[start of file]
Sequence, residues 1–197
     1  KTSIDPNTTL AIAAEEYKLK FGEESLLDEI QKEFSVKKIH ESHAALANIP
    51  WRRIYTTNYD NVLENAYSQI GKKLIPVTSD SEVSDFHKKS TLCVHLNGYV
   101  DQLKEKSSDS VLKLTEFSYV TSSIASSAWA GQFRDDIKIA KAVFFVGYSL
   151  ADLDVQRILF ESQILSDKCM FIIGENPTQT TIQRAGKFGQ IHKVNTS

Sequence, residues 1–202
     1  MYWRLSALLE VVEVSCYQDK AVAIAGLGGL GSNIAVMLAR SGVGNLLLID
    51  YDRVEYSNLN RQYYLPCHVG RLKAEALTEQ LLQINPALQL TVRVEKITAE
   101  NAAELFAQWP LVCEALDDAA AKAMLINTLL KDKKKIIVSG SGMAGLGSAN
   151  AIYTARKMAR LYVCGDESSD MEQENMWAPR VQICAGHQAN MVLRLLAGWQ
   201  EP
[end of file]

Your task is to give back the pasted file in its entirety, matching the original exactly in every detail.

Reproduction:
Sequence, residues 1–197
     1  KTSIDPNTTL AIAAEEYKLK FGEESLLDEI QKEFSVKKIH ESHAALANIP
    51  WRRIYTTNYD NVLENAYSQI GKKLIPVTSD SEVSDFHKKS TLCVHLNGYV
   101  DQLKEKSSDS VLKLTEFSYV TSSIASSAWA GQFRDDIKIA KAVFFVGYSL
   151  ADLDVQRILF ESQILSDKCM FIIGENPTQT TIQRAGKFGQ IHKVNTS

Sequence, residues 1–202
     1  MYWRLSALLE VVEVSCYQDK AVAIAGLGGL GSNIAVMLAR SGVGNLLLID
    51  YDRVEYSNLN RQYYLPCHVG RLKAEALTEQ LLQINPALQL TVRVEKITAE
   101  NAAELFAQWP LVCEALDDAA AKAMLINTLL KDKKKIIVSG SGMAGLGSAN
   151  AIYTARKMAR LYVCGDESSD MEQENMWAPR VQICAGHQAN MVLRLLAGWQ
   201  EP